Many Would Rather Find a New Job than Ask for a Raise

As for knowing what they're worth in the market, most employees are keeping tabs

By Stephen Miller, CEBS Jun 26, 2015

Many employees are quietly stewing over their pay but lack the confidence to ask for a raise, and that is taking a toll on their engagement—and making it more likely they will seek new employment.

While 89 percent of U.S. workers surveyed by staffing firm Robert Half believe they deserve a raise, just over half (54 percent) plan to ask for one this year. Instead of making the case for a pay bump, many would rather look for a new job (13 percent), the survey of more than 1,000 U.S. workers showed.

How intimidated are workers about discussing compensation with their employer? More are comfortable speaking in public (66 percent)—or even negotiating salary at a new job (61 percent)—than asking their current employer for a raise (56 percent).

“Professional growth and earning potential depend not just on the demand for your skill set, but also on your willingness and ability to negotiate with current and prospective employers,” pointed out Paul McDonald, senior executive director at Robert Half.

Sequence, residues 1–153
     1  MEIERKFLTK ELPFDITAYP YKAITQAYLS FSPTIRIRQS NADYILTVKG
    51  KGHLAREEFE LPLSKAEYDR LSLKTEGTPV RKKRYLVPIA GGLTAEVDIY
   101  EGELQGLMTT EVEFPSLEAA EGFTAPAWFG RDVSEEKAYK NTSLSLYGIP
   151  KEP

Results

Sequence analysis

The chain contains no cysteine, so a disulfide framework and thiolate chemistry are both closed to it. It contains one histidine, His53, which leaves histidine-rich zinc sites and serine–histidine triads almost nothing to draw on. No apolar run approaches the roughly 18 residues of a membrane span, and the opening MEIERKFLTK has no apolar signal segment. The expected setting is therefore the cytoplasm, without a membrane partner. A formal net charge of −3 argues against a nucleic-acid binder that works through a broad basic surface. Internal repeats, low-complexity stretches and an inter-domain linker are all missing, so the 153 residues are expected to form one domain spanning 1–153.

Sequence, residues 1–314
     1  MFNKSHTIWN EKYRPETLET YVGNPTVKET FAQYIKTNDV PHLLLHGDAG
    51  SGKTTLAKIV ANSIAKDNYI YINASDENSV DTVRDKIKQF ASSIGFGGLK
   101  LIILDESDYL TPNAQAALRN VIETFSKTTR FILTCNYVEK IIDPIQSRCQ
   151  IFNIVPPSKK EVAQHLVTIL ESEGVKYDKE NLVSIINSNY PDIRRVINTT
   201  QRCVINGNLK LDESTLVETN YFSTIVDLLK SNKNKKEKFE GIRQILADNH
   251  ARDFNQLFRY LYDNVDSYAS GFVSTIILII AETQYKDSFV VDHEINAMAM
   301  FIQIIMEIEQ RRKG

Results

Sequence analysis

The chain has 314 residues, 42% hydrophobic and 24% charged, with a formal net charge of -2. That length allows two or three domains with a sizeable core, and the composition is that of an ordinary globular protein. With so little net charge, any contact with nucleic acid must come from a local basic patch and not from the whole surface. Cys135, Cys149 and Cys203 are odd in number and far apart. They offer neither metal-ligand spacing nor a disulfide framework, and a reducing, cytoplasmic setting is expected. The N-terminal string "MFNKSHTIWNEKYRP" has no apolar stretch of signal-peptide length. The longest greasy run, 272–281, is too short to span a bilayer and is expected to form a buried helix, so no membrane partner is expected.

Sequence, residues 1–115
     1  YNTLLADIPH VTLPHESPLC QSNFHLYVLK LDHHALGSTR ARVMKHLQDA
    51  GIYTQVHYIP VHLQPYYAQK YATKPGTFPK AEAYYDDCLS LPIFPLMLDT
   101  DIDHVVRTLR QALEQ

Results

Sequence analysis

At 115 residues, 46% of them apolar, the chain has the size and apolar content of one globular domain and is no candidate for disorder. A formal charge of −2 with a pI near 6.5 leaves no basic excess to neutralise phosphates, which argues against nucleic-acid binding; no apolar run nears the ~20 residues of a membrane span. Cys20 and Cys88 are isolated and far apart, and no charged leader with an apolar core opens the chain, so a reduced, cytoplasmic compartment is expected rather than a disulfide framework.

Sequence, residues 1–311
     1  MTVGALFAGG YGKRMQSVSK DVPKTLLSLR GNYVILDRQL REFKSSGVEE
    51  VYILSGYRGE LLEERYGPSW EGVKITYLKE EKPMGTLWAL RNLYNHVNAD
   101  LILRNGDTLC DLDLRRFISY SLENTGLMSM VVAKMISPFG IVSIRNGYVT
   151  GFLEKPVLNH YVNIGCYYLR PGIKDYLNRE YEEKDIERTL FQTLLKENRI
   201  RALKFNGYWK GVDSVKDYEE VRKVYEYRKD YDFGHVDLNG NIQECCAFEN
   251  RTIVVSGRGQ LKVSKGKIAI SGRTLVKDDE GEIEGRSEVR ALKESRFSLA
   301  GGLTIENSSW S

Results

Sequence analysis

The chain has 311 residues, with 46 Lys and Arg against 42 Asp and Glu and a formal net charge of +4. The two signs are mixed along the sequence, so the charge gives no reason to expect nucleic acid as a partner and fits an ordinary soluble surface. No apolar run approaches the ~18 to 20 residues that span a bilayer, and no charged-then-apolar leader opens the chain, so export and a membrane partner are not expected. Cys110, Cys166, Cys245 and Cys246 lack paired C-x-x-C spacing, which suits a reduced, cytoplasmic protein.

While no one likes to be turned down for a raise, workers are split as to what they would do if they asked—but didn't get—the pay hike they wanted. The largest group of respondents (30 percent) would wait for the next performance review to ask again. Another 24 percent would ask for better perks and 19 percent would look for a new job.

The survey further revealed:

  • The kind of employee most likely to ask for a raise is male, ranging from 18-34 years of age, with 10 or fewer years of professional experience, and living in the Western United States.
  • 27 percent of employees in the Northeast United States would look for a new job if their request for a raise got turned down—the highest percentage of any region. Workers in the South came in next, at 19 percent.

Knowing What They’re Worth

While they may not be willing to broach the subject with their supervisor or the HR department, when it comes to knowing what they're worth in the market most employees are keeping tabs:

  • 59 percent of professionals have checked their salary against market rates based on third-party research within the last year.
  • 20 percent have done so in the last month.

“Those who don't do their homework often veer to one of two extremes—either they don't negotiate at all, or they demand too much,” said McDonald. “Professionals who back up their request with data and point out the value they bring to the firm are likely to have more productive discussions with their manager.”

Stephen Miller, CEBS, is an online editor/manager for SHRM. Follow Me on Twitter.

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